Part 85 my soul people, back with more Marvin Gaye like I promised. This time, its a special performance of “Sexual Healing,” sung live at the 1983 Grammys. This was Marvin’s last worldwide smash hit, eventually peaking at #3 on the Billboard 100 after dominating the R&B charts. There is a lot of tragedy and joy to be found in the creation of this record. It’s a reflection of Marvin attempting to embrace a healthier more peaceful life through sobriety, exercise, and uh..sex. Sadly, just as he was in the midst of his triumphant comeback, he was gunned down by his father in one of the more bizarre rock and roll assassinations. It reminds me a lot of John Lennon’s demise after he completed Double Fantasy. It’s really painful to think of the three icons; Marvin Gaye, John Lennon, and Bob Marley, all dying in the early 80s. They left a tremendous void. Anyway, this song was almost entirely produced by Marvin himself outside of the rhythm guitars. It’s a true masterpiece that touched on elements of doo-wop, snythpop, reggae, funk and gospel. This performance, a lot like the song, is a triumph. Marvin reminds the music elite that he is an absolute God, taking them to school by defining what pop music is and can be. RIP Marvin.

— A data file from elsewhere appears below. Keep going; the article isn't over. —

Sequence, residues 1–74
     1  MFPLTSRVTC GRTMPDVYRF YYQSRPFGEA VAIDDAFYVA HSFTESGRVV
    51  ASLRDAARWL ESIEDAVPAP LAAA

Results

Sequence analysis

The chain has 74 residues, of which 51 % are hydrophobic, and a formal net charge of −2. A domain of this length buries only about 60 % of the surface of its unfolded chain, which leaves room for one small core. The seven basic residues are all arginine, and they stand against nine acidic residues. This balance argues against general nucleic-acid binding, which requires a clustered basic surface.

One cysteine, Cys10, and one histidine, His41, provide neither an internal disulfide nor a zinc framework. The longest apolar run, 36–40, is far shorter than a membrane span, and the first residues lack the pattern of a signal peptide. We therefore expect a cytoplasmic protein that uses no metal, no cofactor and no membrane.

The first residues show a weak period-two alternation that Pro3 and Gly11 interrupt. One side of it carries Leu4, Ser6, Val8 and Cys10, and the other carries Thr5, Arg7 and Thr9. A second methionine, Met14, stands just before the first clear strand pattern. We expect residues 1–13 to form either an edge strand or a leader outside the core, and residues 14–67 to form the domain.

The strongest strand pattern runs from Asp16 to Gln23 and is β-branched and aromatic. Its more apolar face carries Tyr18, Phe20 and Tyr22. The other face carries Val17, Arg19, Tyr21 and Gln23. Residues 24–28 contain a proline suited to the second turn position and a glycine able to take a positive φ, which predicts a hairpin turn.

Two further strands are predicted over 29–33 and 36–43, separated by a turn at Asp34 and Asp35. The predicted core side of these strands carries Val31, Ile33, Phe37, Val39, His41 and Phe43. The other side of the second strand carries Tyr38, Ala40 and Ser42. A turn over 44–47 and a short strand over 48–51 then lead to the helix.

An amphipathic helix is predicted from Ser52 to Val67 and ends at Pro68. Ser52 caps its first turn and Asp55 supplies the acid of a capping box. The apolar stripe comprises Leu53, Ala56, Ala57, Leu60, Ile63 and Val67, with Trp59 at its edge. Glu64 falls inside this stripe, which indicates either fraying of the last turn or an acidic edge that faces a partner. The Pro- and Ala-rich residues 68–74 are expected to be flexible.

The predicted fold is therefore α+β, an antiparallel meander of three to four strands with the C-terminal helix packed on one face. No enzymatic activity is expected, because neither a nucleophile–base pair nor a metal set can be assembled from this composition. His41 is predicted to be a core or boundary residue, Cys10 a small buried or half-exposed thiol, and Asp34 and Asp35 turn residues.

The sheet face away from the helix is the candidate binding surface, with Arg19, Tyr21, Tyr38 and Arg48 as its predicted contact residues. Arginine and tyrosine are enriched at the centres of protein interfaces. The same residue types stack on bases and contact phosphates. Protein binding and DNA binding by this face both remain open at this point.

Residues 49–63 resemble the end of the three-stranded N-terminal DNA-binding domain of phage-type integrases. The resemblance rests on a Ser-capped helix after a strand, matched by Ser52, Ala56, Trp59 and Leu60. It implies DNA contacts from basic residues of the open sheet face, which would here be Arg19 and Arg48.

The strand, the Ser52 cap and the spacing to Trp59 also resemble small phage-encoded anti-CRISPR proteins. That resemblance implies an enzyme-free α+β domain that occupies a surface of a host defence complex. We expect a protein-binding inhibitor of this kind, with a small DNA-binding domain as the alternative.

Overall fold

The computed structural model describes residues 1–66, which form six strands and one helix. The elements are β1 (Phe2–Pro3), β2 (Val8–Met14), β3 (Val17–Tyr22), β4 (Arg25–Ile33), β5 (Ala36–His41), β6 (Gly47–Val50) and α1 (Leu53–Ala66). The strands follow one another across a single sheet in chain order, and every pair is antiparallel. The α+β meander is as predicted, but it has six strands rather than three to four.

Soul week grooves on with part 84 of my youtube countdown. Today I have Marvin Gaye, the Prince of Soul, singing “The National Anthem” at the 1983 NBA All-Star Game. For my money, this is the greatest National Anthem ever, slightly better than Jimi Hendrix’s psychedelic Woodstock performance. Marvin managed to turn the normally stuffy and militaristic anthem into a smooth soul jam complete with the most seductive beat and vocal delivery ever achieved for the song. There is just too much to love about this video. I love the way he sexualizes the song, driving every woman in the crowd absolutely crazy. I love the way the NBA arena reflects off his large sunglasses. Most of all, I love the way he squeezes all that emotion from his performance to the point where he looks like he is going to cry. The most amazing feat of the song is that Marvin’s version somehow reflects the entire history of cultural cool that America has produced in its history, not just its military glory and political power. It’s almost a personal anthem, reflecting Marvin’s sad yet sexy soul. Whatever it is, its a pure wonder, and an essential listening experience. Enjoy. Oh, PS, expect more Marvin this week.